Commercial lenders and microfinance cooperatives have tried to meet the demand, but a combination of strict regulations and too-high thresholds have hampered efforts and given rise to a murky black-market of motorcycle-riding lenders and unscrupulous loan sharks.

The lenders offer loans at high interest rates — nearly 20 percent higher than bank rates — and often collect daily payments from customers. The requirements are loose and the lenders are eager to approach customers, said Wastiri.

“Bank keliling [mobile banks] are more suitable for us,” she said. “Thought they ask for daily or weekly payments, it is easier for us to borrow money from them — I personally don’t even have to give them my identification card.”

Experts have struggled to estimate the real size of the informal market, but from their best estimates it appears to be growing.

“We can expect to see an increase in the number of non-bank microfinance institutions because the non-bankable segment is huge and it is very difficult for the poor to access banks,” said Dewi Meisari, an expert in micro-, small- and medium- sized enterprises at the University of Indonesia (UI).

The Ministry of Micro, Small and Middle Enterprises recorded 55 million MSMEs in 2011 and reported a loan-to-GDP ratio of 33.1 percent in a survey a year later. Some two-thirds of the MSMEs in Indonesia have no access to formal banking services, the ministry found, warning that the lack of access was a threat to Indonesia’s economic growth.

“The lower income population has little or no options when they borrow money,” Dewi said.

Growth potential

Indonesia’s microfinance market can be lucrative if properly tapped, experts believe. MSMEs account for  57 percent of the nation’s gross domestic product, Bank Indonesia (BI) Deputy Governor Halim Alamsyah said during a seminar last June. While MSMEs have historically borrowed outside the formal market, the number of micro business owners receiving commercial loans has grown in the last year, Firman Moeis, head of commercial linkage at CIMB Niaga, added.

“The micro finance market in Indonesia has great potential for growth,” he said. Out of the 56 million MSME owners in Indonesia, only 37 percent of them receive micro banking services. [But] as of February 2013, the MSME industry had an outstanding loan value of Rp. 514.5 trillion — a 14.6 percent jump from last year’s numbers.”

Firman believes the nation’s economic growth is anchored by micro businesses like Wastiri’s food stall. During the Asian economic crisis, the owners of small and mirco businesses emerged unscathed, he said.

“The 1998 crisis negatively impacted big companies, but small-medium businesses thrived,” Firman explained. Today, the economic downturn isn’t as drastic; furthermore, the small-medium businesses are fundamentally sound, so I am certain this situation will leave little or no impact on the microfinance industry.”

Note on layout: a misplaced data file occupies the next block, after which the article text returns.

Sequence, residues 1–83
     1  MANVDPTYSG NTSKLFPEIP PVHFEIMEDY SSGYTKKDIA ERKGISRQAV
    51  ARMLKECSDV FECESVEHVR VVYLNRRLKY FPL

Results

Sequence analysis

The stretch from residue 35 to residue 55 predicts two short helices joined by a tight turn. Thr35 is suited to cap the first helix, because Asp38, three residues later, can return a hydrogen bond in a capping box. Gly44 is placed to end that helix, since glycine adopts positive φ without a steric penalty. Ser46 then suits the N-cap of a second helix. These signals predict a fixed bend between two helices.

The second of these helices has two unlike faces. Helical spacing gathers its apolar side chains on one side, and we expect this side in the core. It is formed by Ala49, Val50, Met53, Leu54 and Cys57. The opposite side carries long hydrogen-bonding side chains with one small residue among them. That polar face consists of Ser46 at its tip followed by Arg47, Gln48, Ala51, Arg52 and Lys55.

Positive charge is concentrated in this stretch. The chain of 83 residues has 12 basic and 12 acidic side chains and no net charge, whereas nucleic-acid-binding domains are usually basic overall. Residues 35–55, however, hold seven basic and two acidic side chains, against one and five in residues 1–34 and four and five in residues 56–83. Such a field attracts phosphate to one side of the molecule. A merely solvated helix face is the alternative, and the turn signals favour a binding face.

While large companies saw their balance sheets reverse into the red, the nation’s informal sector — cigarette sellers, stall owners and street food cart operators — continued to earn a living, said Leonardus Kamilius, founder of Koperasi Kasih Indonesia, a microfinance institution operating in Cilincing, North Jakarta.

“In the 1998 crisis, the companies that were battered by the crisis were the big companies who owed US dollars. For small enterprises, their economies are not as related to the global economy and hence, they are more resilient,” he told the Jakarta Globe.

Financial literacy still a problem

For Said Hendro, access to microloans has been both a blessing and a curse. It’s tempting to borrow too much, he said, adding that many of his friends found themselves neck-deep in debt after taking money from both microfinance cooperatives and mobile banks.

“Many of my friends around here have gone back to their villages as their businesses have gone bankrupt,” Said shared. “They borrow from all these mobile banks and they can’t repay their debt.

“I understand their predicament completely because these people come by everyday offering loans and it is hard to say no. Even though I have loans from both official cooperatives and the mobile banks, I am still tempted to borrow more.”

Experts warn that the lack of financial literacy among low-income residents could undermine out any gains made by offering poor people access to financial services. Borrowers need access to both commercial loans and education for Indonesia’s microcredit industry to make a positive impact, experts said.

“Most people in the low-income population cannot comprehend the whole notion of interest rates — the way the process of borrowing is explained to them is by telling them how much they need to pay in installments per week,” Dewi explained.

Leonardus echoed Dewi’s sentiment.

“People who can afford loans of 5 million rupiah and above, they generally already know how to manage their money and do not require further financial education,” he said. “However, for smaller loans like 500,000 rupiah loans for a banana fritter [pisang goreng] seller, he does not know how to manage his money and will benefit greatly from financial education.”

Saturday, November 24, 2012

Indonesia Earns UN Recognition for Cooperative Success

Jakarta Globe, Anastasia Winanti Riesardhy, November 24, 2012

Indonesia’s minister for cooperatives and small and medium enterprises,
Syarief Hasan. (JG Photo/Safir Makki)
Related articles

Indonesia’s cooperative program was named one of the world’s most successful during a United Nations event in New York earlier this week, according to the Indonesian cooperative minister.

Indonesia, along with Malta, Panama and Trinidad and Tobago, was officially recognized during the closing ceremony of the UN’s International Year of Cooperatives on Nov. 19-20.